Selecting services based on schedule reliability
Even with historically low schedule reliability in 2021, there were 3 deep-sea services that had 100% schedule reliability across the entire year. In fact, roughly 11% of the deep-sea services were at 70% or higher. What this means, is that even in the most trying of times, shippers can find those marginal gains in ocean reliability. In issue 611 of the Sunday Spotlight, we looked at how big those marginal gains could have been, if shippers modelled their service selection based on historical schedule reliability. This of course is a simplistic approach, as supply chains are often not agile enough to make such short-term changes.
Taking Shanghai to Los Angeles/Long Beach as a proxy for Transpacific, figure 1 shows the relative improvement in schedule reliability, had shippers shifted cargo to the service with the highest reliability in the past month. This improvement is against having moved all of their cargo on either one of the three carrier alliances or having split it evenly across the three alliances.
While there are no doubt shippers would have netted higher reliability having used this approach, what is interesting here, is that the improvements are not linear and there is a lot of volatility from one month to the other. However, across the 14-month period, using this approach would have netted an average 19.6 percentage points (PP) increase over shipping entirely with 2M, an average 6.3 PP increase over shipping entirely with Ocean Alliance, an average 27.9 PP increase over shipping entirely with THE Alliance, and an average 15.9 PP increase over an even cargo split across the three carrier alliances. Despite the volatility, the average higher net schedule reliability is quite substantial. This means that using historical schedule reliability could be a really powerful tool to help shippers improve received reliability.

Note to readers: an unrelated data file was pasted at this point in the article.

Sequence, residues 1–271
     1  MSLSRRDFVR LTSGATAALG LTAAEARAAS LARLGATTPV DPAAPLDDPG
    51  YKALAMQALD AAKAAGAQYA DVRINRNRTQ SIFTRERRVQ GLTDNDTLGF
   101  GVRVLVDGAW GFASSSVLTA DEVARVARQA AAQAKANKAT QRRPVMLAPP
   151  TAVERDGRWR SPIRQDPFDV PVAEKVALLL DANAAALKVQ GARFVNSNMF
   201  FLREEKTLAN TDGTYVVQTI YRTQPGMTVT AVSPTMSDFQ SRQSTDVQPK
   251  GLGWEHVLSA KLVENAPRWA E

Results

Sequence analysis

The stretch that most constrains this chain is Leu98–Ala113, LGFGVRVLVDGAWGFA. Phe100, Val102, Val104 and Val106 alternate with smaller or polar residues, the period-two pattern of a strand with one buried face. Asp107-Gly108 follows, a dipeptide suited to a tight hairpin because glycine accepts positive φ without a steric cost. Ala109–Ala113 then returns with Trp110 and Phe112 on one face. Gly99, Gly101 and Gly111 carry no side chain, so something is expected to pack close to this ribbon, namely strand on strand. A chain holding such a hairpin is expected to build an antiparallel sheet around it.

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All quotes can be attributed to: Alan Murphy, CEO, Sea-Intelligence.
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